Conference Realignment: What Does it Mean For College Sports?

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Oliver Thomas, Editor-in-Chief

On July 30, 2021, the News broke that Texas and Oklahoma would be joining the SEC. Set to take place in 2025, Texas and Oklahoma will become official members of the SEC for all college sports. This one change started a domino effect that could change college sports forever. 

 

A timeline of these events:

 

July 22nd, 2021 

 

It was announced that Texas and Oklahoma had skipped a Big 12 conference call, which started to stir controversy. There had been rumors of Texas and Oklahoma contacting the SEC, however, these rumors were shot down by Oklahoma’s athletic director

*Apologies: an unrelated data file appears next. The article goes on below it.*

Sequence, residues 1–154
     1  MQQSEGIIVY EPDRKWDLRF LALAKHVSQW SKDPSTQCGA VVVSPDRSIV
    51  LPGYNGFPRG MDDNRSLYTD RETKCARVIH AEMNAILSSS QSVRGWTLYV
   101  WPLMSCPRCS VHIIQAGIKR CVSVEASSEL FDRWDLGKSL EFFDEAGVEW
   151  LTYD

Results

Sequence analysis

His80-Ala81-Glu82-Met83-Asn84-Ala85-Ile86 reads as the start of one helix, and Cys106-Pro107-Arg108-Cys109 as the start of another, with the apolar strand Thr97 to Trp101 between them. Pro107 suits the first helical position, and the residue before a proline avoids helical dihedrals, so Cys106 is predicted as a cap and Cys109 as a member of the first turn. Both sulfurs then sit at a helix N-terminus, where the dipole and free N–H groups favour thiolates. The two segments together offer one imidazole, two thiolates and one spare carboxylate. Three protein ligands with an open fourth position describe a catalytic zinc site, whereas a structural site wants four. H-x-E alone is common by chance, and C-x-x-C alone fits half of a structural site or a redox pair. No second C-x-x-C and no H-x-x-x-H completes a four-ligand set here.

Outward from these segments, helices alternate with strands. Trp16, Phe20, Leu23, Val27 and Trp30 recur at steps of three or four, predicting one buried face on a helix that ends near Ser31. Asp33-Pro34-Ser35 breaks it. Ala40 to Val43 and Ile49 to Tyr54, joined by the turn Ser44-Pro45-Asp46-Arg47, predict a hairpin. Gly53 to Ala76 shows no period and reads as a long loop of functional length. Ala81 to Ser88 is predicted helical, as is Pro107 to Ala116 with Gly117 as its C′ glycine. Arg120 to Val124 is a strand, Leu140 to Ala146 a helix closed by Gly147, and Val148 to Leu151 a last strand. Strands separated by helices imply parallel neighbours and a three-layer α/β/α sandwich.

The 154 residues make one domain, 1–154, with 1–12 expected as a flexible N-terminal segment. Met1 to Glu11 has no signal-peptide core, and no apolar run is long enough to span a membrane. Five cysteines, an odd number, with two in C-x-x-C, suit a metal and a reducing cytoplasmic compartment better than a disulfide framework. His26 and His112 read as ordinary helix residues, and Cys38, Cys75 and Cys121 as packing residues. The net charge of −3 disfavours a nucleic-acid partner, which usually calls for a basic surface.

July 25th, 2021 

 

Texas and Oklahoma meet with Big 12 commissioner Bob Bowlsby. The main takeaway from this meeting was that Texas and Oklahoma would be looking at “mutually beneficial options”. Though the Big 12 tried to keep these rumors as small as possible, it became apparent that Texas and Oklahoma leaving the Big 12 was becoming more and more likely.

 

July 26th, 2021 

 

Texas and Oklahoma announce that they would not be renewing Media contracts with Big 12. Once this was announced it was very clear to the public that Texas and Oklahoma were making a very large push to join the SEC.

 

July 29th, 2021